A local official responds to five bills in Nebraska that would makes changes to the child welfare system.
Rebecca L. Gould, Executive Director of the Nebraska Appleseed Center for Law in the Public Interest, issued the following statement on Wednesday in response to the advancement of a package of five bills to reform the state’s child welfare system:
“Today and yesterday, the Nebraska Legislature voted to advance a package of five bills designed to stabilize and reform the state’s struggling child welfare system. We commend the Health and Human Services Committee for it’s strong leadership in crafting these solutions and the Legislature for taking this meaningful and important step forward to improve the system. These bills would put into place much needed oversight and accountability, would begin to address a number of long-standing issues, and would involve stakeholders and all three branches of government in charting a positive path forward to truly reform the system.
The provisions of LB 961 are particularly important. We continue to firmly believe that case management is a core government function. Therefore, we are pleased that the Legislative body voted today to advance LB 961, which would require case management to be provided by the state and prevents the reinstatement of lead agencies in the central, northern, and western service areas of the state. We also strongly support the provisions of LB 961 that establish caseload standards to meet national best practices.
With regard to the pilot project being considered in the privatized eastern service area where the lead agency would retain case management responsibilities, we are concerned that the underlying financial and structural problems with the existing contract remain. The eastern service area includes 43% of the entire state’s child welfare and juvenile justice system, meaning a significant percentage of children will remain in a privatized system that has been failing for over two years. Child welfare services across the state should receive proportional funding and should have the same basic rules. Therefore, if a pilot program is pursued, it is imperative that it is carefully crafted and at the very least includes clear financial parameters, specific performance goals, and a transparent evaluation process.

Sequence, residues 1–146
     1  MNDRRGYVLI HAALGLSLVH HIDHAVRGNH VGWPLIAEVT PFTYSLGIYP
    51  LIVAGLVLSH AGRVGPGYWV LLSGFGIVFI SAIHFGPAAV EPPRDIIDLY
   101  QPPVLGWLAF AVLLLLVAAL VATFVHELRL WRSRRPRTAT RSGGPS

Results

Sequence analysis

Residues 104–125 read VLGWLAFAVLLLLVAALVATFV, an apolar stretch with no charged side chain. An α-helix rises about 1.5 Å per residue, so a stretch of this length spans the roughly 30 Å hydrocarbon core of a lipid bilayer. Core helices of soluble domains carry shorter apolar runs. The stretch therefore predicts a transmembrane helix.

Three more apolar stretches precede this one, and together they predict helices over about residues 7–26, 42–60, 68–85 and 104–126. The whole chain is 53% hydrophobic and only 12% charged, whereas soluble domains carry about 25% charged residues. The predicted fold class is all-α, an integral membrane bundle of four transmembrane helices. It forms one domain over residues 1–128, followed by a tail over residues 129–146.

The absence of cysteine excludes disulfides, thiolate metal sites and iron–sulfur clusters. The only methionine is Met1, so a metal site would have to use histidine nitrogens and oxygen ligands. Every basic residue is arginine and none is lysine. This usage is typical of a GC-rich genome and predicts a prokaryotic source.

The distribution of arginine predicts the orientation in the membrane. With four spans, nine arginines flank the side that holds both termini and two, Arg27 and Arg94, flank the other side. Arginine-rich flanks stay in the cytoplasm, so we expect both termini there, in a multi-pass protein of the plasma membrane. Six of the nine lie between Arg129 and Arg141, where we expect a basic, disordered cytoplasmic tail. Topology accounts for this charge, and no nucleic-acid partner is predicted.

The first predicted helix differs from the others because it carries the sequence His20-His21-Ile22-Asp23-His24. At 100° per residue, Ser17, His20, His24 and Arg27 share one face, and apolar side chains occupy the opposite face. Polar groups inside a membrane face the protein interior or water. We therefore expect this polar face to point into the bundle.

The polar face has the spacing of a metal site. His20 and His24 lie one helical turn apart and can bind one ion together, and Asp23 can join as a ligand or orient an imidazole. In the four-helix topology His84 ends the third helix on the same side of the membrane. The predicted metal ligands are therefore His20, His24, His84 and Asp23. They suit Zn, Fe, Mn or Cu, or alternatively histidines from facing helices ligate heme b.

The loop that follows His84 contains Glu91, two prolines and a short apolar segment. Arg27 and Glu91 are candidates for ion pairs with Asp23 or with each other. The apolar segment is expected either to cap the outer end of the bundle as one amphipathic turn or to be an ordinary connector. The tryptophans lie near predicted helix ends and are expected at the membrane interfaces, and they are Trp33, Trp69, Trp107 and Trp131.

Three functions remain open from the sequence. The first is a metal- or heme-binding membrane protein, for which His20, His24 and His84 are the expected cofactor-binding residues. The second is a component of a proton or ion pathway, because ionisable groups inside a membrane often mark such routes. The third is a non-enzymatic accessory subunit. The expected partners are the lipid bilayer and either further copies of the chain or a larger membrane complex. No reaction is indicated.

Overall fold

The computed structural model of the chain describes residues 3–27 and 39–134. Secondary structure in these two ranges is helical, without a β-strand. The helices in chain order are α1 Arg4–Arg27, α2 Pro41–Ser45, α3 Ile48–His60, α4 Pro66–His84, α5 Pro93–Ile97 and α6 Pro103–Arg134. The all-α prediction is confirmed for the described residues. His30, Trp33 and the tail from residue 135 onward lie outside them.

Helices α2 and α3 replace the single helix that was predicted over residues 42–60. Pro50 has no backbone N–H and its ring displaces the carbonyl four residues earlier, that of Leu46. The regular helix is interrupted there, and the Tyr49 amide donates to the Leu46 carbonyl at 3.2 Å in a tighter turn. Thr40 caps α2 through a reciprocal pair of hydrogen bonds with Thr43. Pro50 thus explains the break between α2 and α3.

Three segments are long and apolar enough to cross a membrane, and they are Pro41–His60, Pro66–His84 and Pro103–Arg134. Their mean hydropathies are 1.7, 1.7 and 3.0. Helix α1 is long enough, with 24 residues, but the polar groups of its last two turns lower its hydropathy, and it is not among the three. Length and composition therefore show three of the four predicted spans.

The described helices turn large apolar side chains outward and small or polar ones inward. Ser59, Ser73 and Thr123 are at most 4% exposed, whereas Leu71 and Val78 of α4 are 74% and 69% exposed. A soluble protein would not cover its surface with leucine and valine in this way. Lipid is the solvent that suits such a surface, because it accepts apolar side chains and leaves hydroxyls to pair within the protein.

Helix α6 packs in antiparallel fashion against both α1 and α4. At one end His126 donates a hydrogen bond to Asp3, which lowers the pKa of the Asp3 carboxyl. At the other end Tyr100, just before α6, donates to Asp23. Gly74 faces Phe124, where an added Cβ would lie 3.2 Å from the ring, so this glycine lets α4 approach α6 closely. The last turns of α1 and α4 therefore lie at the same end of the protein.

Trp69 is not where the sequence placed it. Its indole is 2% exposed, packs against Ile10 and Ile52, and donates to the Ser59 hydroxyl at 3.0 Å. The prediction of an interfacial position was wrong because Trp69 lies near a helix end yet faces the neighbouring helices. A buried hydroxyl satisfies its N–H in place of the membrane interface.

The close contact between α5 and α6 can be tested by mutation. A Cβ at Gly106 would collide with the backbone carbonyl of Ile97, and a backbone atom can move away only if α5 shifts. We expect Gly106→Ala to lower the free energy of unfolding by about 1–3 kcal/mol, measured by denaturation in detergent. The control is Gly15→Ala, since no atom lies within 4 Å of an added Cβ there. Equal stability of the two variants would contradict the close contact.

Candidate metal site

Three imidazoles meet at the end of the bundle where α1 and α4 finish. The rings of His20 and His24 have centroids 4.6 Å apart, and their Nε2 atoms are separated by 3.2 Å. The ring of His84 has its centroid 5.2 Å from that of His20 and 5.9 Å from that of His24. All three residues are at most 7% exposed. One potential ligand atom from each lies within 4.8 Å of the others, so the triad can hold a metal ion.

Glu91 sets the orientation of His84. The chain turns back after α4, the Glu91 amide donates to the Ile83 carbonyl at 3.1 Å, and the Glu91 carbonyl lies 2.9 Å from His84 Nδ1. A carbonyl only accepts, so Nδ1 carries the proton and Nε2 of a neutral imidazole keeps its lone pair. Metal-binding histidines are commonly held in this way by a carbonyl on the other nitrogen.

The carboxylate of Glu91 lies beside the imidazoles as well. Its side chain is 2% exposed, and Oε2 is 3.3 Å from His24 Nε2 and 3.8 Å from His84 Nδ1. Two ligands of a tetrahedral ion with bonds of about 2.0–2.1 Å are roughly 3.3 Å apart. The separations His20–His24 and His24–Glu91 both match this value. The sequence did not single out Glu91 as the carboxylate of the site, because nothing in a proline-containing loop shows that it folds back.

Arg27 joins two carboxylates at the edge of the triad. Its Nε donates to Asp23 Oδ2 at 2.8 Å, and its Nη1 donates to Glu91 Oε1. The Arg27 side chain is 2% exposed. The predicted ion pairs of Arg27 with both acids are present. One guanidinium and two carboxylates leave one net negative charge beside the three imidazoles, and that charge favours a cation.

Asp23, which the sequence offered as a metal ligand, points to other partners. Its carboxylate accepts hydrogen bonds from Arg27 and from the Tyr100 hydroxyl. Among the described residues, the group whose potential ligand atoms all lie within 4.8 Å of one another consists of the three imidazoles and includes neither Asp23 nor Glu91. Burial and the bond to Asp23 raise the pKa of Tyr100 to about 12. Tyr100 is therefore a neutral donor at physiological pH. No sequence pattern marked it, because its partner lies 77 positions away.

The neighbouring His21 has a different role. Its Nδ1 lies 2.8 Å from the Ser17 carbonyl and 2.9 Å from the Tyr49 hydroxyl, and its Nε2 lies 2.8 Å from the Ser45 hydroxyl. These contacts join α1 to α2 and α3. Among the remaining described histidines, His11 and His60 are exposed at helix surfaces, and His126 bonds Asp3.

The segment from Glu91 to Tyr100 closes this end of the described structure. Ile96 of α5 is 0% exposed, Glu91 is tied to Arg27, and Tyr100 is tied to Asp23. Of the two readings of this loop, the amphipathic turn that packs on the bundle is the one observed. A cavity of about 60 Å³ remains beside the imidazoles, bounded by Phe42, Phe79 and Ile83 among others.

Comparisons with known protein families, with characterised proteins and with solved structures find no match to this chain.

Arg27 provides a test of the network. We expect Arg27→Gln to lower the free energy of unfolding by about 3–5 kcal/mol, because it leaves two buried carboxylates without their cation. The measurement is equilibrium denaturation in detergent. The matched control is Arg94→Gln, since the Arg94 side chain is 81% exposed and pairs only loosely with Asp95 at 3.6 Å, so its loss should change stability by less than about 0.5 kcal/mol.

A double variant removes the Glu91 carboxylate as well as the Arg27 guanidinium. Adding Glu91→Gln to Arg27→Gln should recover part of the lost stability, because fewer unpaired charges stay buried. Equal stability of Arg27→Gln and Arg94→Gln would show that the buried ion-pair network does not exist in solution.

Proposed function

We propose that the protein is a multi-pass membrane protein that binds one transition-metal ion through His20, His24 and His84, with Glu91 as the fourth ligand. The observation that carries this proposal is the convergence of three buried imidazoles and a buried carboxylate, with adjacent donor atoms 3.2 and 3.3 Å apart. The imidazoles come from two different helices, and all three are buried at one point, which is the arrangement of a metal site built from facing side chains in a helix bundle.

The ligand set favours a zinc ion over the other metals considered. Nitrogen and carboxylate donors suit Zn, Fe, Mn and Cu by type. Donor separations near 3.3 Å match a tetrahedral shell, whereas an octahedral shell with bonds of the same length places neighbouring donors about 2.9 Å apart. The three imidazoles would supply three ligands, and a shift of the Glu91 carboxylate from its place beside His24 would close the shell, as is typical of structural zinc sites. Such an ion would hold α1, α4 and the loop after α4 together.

In today’s General File debate, the HHS Committee made clear their intentions to address these issues and we look forward to working with them as the process moves forward.
Under Senator Campbell’s leadership, these were two critically important and productive days outlining a vision for repairing our child welfare system in Nebraska. We are grateful that the Legislature is working diligently to provide stability and ensure our resources are used in the most efficient and productive way to serve Nebraska children and families in the system.”
Nebraska Appleseed, a nonprofit, nonpartisan public interest law project, is a national leader in addressing social problems facing vulnerable children without loving and permanent homes, low-income families working hard to make ends meet, and new immigrants seeking a better life. Nebraska Appleseed's current year action plan and description of its six program areas, significant litigation and policy reform successes, and broad-based accomplishments can be found at neappleseed.org.